There’s a moment in every Kingdom Hearts fan’s life when they realise that, despite their best efforts, they no longer have any idea what’s going on the in long-running series’ famously convoluted story. Whether you only ever played the two main, numbered entries on the PlayStation 2 or you’ve also played the many spin-offs and the F2P mobile game, there’s a point where there’s no choice but to throw both hands up in defeat and admit that you’re completely lost. For me it was somewhere around the Coded/Dream Drop Distance era, where folks started bouncing around virtual worlds and jumping into each other’s dreams Inception-style. Even before then I’ll admit I occasionally found it hard to remember which one of the many identical-looking characters was which at any given moment. So, despite going back and replaying most of the titles in the recent HD collections and watching countless YouTube recaps in preparation, I went into Kingdom Hearts III concerned that I’d wind up totally perplexed within hours of starting the game. Thankfully though, that wasn’t the case.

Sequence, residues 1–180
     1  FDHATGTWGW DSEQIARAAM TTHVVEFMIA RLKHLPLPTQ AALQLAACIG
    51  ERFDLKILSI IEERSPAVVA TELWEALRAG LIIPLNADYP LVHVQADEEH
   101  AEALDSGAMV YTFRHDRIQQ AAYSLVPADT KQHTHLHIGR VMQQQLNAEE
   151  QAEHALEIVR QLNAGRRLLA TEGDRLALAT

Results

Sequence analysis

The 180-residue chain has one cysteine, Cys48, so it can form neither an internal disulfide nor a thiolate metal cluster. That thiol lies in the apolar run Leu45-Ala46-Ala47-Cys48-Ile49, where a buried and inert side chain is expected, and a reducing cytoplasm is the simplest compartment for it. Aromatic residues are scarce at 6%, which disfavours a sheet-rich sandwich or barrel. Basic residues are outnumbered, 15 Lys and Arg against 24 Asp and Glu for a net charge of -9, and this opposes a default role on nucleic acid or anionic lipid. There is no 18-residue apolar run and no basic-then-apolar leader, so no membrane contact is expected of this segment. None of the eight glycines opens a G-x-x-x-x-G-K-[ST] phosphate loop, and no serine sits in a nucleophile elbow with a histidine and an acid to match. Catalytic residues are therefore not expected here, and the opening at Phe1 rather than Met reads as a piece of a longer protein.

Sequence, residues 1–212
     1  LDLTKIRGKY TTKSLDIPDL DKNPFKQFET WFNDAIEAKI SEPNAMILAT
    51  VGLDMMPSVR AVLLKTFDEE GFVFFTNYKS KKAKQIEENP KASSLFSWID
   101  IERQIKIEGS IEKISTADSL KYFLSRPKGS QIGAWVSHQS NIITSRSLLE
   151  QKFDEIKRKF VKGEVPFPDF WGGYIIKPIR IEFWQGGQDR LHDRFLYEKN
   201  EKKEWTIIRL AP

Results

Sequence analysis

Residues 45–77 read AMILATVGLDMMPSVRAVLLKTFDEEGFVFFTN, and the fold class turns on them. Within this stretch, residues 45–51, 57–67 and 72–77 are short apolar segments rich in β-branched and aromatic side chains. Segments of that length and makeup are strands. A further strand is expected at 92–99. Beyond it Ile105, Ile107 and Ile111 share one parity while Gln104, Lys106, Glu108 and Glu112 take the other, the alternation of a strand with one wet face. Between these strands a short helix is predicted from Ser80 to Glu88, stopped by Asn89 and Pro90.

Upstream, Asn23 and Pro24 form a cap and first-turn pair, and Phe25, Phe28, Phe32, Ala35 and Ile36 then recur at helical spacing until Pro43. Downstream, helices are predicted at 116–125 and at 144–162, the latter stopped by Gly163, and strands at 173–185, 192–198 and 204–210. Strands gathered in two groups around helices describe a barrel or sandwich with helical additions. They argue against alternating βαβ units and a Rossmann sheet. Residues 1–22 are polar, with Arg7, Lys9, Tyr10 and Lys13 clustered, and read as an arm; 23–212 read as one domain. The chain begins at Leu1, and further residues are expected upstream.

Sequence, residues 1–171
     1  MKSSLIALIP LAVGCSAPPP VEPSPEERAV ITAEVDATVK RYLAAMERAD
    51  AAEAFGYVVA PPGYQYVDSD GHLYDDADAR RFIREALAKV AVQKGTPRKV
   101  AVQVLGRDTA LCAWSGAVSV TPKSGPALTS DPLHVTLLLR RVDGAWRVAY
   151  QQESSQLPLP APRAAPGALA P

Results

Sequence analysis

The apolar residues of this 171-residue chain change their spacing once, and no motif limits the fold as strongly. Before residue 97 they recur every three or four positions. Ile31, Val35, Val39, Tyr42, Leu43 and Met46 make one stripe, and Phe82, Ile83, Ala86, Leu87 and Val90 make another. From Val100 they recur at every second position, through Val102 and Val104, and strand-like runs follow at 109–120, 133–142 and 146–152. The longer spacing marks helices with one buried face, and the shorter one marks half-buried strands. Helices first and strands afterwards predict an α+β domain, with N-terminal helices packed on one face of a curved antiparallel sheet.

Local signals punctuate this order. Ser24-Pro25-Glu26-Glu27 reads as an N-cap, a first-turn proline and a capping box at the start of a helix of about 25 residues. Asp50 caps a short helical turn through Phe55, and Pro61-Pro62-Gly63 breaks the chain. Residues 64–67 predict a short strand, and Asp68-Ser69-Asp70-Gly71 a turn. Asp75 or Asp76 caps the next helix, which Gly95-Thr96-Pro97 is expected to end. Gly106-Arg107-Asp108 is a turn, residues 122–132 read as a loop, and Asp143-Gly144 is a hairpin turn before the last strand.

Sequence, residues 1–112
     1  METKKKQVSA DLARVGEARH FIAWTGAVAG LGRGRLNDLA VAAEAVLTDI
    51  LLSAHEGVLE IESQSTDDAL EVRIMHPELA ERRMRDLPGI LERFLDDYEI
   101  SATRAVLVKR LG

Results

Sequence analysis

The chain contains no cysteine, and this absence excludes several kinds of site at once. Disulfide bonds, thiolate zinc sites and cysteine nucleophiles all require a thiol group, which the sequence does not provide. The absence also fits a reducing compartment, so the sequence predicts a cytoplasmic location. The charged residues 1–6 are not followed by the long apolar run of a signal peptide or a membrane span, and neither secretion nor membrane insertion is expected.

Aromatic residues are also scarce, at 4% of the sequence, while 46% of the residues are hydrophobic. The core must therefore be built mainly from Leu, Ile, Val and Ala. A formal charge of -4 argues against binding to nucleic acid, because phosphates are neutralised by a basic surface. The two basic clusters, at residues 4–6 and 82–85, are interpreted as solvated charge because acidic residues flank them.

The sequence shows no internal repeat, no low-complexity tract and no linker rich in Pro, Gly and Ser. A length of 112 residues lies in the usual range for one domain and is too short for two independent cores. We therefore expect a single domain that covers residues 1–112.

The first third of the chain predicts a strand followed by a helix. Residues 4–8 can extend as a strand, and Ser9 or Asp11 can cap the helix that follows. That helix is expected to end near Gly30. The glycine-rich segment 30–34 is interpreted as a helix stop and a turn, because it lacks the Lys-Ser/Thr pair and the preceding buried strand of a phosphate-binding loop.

Against all odds, Kingdom Hearts III features a story that is fairly welcoming to casual fans and even newcomers. Without ever shying away from its past and the tangled web of heroes, anti-heroes, döppelgangers, time travel, black cloaks and anime hair that precedes it, the vast majority of the game’s story is a return to the themes and messages of the very first title. There’s a concerted effort here to put the spotlight back on Sora and his friends and revisit matters of the heart, of companionship and emotional strength that were at the core of the allegorical and symbolic imagery that the series was founded on. Without delving too far into the series’ lore, Kingdom Hearts III picks up after Kingdom Hearts 3D: Dream Drop Distance and sees Sora, Donald and Goofy continue on their quest to assemble the seven Guardians of Light and prevent a new iteration of the nefarious Organisation XIII from unlocking Kingdom Hearts, the heart of all worlds, and reshaping all existence as they see fit. At the game’s opening, Sora is still dealing with having failed the Mark of Mastery exam needed to become a true Keyblade Master, knowing that he needs to find it within himself to pass so that he can join his friends in defeating the Organisation. To that end, the crux of the game’s plot is about Sora’s personal journey, hopping from world to world with Donald and Goofy in tow to learn as much as he can about matters of the heart and his own inner strength from a menagerie of Disney film characters.